In the 1976–77 Ekstraklasa, GKS Tychy, to the surprise of experts, was relegated from Polish top division, despite the fact that its top players remained at Tychy. After several seasons in Polish Second Division, GKS was once again relegated to the third level of Polish football tier, remaining there until 1993. After a merger with Sokol Pniewy, the new team, called Sokol Tychy-Pniewy, played in 1995–96 Ekstraklasa and 1996–97 Ekstraklasa. Due to financial difficulties, the team was dissolved in 1997. Soon afterwards, new organization, called. 20.04.1971 to 1996 - Górniczy Klub Sportowy Tychy 1996 - Sokół Tychy 1997 - Górniczy Klub Sportowy Tychy 1998 - TKS Tychy 2000 - Górnośląski Klub Sportowy Tychy'71 2008 - Górniczy Klub Sportowy Tychy As of 17 August, 2018. Note: Flags indicate national team as defined under FIFA eligibility rules. Players may hold more than one non-FIFA nationality. Active sections Basketball Ice Hockey Had international caps for their respective countries. Players listed in bold represented their countries while playing for Tychy.
Poland Krzysztof Bizacki Eugeniusz Cebrat Jerzy Dudek Dariusz Fornalak Radosław Gilewicz Dariusz Grzesik Bartosz Karwan Ryszard Komornicki Ryszard Kraus Jerzy Ludyga Janusz Nawrocki Krzysztof Nowak Roman Ogaza Lechosław Olsza Sebastian Przyrowski Marcin Radzewicz Marek Rzepka Krystian Szuster Rafał Szwed Bogusław Wyparło Zimbabwe Edelbert Dinha Official website GKS Tychy at 90minut.pl
Penalty (ice hockey)
A penalty in ice hockey is a punishment for an infringement of the rules. Most penalties are enforced by sending the offending player to a penalty box for a set number of minutes. During the penalty the player may not participate in play. Penalties are enforced by the referee, or in some cases, the linesman; the offending team may not replace the player on the ice, leaving them short-handed as opposed to full strength. When the opposing team is said to be on a power play, they will have one more player on the ice than the short-handed team; the short-handed team is said to be "on the penalty kill" until the penalty expires and the penalized player returns to play. While standards vary somewhat between leagues, most leagues recognize several common varieties of penalties, as well as common infractions; the statistic used to track penalties was traditionally called "Penalty Infraction Minutes", although the alternate term "penalty minutes" has become common in recent years. It represents the total assessed length of penalties each team has accrued.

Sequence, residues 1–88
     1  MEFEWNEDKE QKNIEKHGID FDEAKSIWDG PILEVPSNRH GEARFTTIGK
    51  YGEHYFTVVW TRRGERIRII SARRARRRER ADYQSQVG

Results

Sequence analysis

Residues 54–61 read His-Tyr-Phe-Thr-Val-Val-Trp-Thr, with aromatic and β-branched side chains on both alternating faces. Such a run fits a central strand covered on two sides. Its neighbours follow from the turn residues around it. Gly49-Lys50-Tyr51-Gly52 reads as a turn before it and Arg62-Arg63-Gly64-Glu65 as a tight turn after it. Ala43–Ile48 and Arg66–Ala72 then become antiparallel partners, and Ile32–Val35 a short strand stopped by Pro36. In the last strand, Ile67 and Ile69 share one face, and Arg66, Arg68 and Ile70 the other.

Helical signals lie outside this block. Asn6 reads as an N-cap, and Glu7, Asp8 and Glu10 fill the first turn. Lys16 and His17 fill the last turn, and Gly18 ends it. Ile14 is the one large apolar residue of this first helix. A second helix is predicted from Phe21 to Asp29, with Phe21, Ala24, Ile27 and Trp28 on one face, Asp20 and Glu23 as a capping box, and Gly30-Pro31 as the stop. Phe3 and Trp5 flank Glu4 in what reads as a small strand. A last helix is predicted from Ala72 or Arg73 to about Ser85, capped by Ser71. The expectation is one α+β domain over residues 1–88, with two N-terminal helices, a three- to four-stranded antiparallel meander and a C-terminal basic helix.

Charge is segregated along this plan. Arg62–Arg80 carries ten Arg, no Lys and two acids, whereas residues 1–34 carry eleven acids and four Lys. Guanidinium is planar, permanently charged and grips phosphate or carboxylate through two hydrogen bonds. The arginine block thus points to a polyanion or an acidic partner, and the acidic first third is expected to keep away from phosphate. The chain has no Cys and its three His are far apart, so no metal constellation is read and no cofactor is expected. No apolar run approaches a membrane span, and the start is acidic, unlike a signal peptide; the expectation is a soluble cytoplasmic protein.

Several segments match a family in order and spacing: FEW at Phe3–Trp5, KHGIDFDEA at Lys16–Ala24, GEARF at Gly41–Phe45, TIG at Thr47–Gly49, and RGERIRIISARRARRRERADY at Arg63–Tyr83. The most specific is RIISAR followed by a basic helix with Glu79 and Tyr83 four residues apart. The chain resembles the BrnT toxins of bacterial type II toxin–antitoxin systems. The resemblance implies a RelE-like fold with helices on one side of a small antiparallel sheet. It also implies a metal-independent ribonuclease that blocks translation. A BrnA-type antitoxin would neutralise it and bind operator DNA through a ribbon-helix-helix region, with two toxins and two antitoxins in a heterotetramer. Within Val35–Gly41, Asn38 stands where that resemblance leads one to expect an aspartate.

The first codified rules of hockey, known as the Halifax Rules, were brought to Montreal by James Creighton, who organized the first indoor hockey game in 1875. Two years the Montreal Gazette documented the first set of "Montreal Rules", which noted that "charging from behind, collaring, kicking or shinning the ball shall not be allowed"; the only penalty outlined by these rules was that play would be stopped, a "bully" would take place. Revised rules in 1886 mandated that any player in violation of these rules would be given two warnings, but on a third offence would be removed from the game, it was not until 1904. At that time, a referee could assess a two-, three- or five-minute penalty, depending on the severity of the foul. By 1914, all penalties were five minutes in length, reduced to three minutes two years and the offending player was given an additional fine; when the National Hockey League was founded in 1917, it mandated that a team could not substitute for any player, assessed a penalty, thus requiring them to play shorthanded for the duration.